He went on to say:

Regarding the crux of the matter…You said the crux of the matter is “whether one is permitted to voluntarily take the penalty of another.” No, that is not what I am arguing against. You are confusing penalty with debt. My position is that Christ’s sacrificial death on the cross results in the forgiveness of sins (debts) for those who have faith, so that they are justified by His blood, spared from God’s wrath, and thus saved from the eternal penalty which will rightly fall on those who die in their guilt. I believe that God is just when, on judgment day, He condemns the unforgiven sinner to pay the full penalty due for his own unremitted sins (debts) in an eternal torment. I believe that God is just when, on that same day, He welcomes into eternal bliss those who are washed in the blood of the Lamb, not because the penalty was already paid, but because the penalty cannot be laid against them since their sins (debts) were forgiven in Christ (emphasis in original).[8]

Although Sims’ debt vs. penalty argument may appear reasonable to some, Colossians 2:13-14 makes no such distinction. He simply reads into it the following scenario: “If you have ever taken a loan, you know there is both a debt to be repaid and a penalty to suffer if you fail to pay it; you prefer to pay the debt and avoid the penalty, right?” Well, right, and if we were talking about a debt I had the ability to repay, then such a penalty, if significant enough, would surely deter any thought I might have of not paying my debt. But suppose we are not talking about a car loan or house payment, but a catastrophic debt I am unable to pay? Would not the penalty, in such a case, be part and parcel of such debt? The fact is, it’s this latter kind of debt that’s under review in Colossians 2:13-14. Consequently, and this by necessary inference, punishment (i.e., penalty) is very much a part of this text (i.e., debt and penalty are but different metaphors for sin’s effect).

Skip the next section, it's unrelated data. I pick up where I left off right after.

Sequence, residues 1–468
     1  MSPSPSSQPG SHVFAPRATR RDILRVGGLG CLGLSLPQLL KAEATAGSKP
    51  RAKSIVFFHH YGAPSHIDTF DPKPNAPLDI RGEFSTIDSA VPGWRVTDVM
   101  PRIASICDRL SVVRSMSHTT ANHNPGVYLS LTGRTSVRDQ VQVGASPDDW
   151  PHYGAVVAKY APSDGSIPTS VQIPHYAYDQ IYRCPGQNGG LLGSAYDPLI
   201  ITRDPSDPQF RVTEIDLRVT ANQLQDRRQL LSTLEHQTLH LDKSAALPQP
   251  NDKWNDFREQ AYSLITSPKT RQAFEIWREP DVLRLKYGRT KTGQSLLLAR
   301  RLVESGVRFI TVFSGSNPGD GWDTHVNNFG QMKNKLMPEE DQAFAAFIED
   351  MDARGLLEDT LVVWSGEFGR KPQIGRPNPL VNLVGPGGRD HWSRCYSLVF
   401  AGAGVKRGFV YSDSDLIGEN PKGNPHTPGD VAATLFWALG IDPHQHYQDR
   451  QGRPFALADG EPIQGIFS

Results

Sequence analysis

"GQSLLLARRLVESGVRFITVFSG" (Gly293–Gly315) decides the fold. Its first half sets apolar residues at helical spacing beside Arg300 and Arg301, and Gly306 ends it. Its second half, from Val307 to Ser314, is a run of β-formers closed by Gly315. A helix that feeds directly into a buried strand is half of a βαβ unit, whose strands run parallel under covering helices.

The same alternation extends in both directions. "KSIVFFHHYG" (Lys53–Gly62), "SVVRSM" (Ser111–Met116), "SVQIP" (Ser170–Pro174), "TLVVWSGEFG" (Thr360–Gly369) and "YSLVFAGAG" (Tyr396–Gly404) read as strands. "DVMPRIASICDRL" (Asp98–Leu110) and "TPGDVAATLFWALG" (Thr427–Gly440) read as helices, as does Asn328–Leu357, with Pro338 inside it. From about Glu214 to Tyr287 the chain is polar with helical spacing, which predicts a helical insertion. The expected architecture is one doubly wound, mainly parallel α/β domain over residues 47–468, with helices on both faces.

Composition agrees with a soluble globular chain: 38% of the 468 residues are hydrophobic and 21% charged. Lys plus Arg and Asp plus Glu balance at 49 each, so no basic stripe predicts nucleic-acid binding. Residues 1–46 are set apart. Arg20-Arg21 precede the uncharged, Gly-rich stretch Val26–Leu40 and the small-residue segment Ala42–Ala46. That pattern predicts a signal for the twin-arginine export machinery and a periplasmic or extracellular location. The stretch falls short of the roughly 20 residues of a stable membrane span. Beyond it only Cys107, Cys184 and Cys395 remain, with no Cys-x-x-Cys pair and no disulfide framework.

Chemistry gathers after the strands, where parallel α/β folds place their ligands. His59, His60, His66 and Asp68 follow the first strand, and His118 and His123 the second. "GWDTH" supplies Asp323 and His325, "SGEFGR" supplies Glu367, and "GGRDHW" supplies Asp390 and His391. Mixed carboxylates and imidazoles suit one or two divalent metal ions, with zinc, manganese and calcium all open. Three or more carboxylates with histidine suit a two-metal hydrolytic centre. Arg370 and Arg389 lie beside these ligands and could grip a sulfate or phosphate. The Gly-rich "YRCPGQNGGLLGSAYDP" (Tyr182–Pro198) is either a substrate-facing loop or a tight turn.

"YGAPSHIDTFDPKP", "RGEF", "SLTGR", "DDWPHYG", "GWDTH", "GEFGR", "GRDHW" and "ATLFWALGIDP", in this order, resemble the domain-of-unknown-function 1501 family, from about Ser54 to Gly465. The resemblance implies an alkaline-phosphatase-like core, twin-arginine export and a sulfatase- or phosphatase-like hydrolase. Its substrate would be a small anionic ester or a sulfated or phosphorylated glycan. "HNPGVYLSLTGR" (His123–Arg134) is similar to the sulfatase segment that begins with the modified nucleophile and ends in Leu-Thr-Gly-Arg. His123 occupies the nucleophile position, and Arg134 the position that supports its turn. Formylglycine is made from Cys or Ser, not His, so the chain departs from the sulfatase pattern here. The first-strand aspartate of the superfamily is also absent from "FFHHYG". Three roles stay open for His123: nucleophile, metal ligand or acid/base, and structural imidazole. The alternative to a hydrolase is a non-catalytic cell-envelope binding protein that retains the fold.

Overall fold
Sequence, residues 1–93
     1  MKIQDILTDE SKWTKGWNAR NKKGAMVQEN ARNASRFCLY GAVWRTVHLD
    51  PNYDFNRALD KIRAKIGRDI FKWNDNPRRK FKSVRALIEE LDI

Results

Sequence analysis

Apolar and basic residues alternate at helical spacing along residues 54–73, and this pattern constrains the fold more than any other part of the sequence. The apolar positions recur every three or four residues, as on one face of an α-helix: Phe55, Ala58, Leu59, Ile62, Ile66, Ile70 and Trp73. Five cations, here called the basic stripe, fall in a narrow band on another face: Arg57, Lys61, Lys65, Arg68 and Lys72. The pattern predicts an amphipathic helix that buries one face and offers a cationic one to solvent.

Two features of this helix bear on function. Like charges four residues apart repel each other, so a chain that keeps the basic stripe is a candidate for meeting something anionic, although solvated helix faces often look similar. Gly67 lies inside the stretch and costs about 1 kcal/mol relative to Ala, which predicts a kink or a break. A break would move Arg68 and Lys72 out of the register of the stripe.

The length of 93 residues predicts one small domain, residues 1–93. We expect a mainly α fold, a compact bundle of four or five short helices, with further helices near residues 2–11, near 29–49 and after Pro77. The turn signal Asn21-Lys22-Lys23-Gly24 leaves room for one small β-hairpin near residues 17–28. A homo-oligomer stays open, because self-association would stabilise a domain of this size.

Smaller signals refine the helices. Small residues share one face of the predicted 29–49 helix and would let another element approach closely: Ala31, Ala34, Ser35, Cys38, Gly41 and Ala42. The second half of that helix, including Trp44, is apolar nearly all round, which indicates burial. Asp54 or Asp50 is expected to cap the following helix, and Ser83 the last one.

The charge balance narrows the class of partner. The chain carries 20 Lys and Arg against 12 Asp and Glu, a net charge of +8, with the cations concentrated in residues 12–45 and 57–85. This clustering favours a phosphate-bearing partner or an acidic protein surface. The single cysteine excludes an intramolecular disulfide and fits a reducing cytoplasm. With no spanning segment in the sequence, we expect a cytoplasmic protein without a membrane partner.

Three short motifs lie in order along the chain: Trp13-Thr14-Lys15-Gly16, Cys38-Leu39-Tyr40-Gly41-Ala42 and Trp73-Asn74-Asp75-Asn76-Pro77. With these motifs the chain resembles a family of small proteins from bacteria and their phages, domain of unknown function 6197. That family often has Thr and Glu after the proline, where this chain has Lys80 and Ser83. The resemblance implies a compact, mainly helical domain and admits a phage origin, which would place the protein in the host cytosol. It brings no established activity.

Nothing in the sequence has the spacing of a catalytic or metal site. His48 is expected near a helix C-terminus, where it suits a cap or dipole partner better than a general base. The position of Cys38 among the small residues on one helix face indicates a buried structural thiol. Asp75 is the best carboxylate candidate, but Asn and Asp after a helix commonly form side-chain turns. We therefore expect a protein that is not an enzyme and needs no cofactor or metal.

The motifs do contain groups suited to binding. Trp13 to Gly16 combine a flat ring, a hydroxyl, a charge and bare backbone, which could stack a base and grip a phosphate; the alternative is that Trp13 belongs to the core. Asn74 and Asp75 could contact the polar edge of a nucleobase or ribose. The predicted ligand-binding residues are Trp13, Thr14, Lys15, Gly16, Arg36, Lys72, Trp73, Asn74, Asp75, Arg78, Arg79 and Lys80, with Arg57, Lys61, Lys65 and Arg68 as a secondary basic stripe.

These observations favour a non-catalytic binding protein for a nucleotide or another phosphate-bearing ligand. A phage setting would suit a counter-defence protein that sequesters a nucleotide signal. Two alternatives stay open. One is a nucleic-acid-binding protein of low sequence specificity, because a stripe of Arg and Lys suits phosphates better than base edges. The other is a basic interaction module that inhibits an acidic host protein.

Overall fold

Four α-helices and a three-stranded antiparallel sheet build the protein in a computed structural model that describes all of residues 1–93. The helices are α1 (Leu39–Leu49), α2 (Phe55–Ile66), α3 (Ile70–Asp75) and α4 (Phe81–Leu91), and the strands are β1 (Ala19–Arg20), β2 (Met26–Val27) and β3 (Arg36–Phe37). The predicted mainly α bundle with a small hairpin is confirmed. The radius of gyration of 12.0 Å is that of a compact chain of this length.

As I said in part II of this series, it is a mistake, and Calvinists aren’t the only ones who make it, to say that when we are justified, or declared to be righteous, we are treated just as if we had never sinned (i.e., “not guilty”). The truth is we are, and will ever be, guilty sinners (1 Jn. 1:8-9). The “good news” of the gospel is that, in connection with Christ, we are treated just like someone else (viz., Jesus) has already paid the penalty of debt that was our due. After quoting Colossians 2:13-14 as it reads in the ESV, I said that it, as do the other translations which reference some sort of certificate of indebtedness (cf. NET, NASB, NIV, etc.), depicts the case against us as taking place in a civil court of law. But instead of the written document being a certificate of indebtedness against which there may be a defense, it is a formal finding of debt. Again, as in other translations (cf. KJV, NKJV, ASV, etc.), the written document is described not as a bill of particulars against which there may be a defense, but a written finding or verdict of “guilty” as in a criminal court of law. In either depiction, no hope is held out for a “not guilty” verdict. Thus, the penalty for sin is very much in play. So, whether our sin is portrayed as incurring debt or a penalty, the truth is, we are all “guilty as sin.” Therefore, the only effective remedy is forgiveness, which is one of the things the shedding of Jesus’ blood provides for, and the very thing Colossians 2:14 specifically mentions, praise God!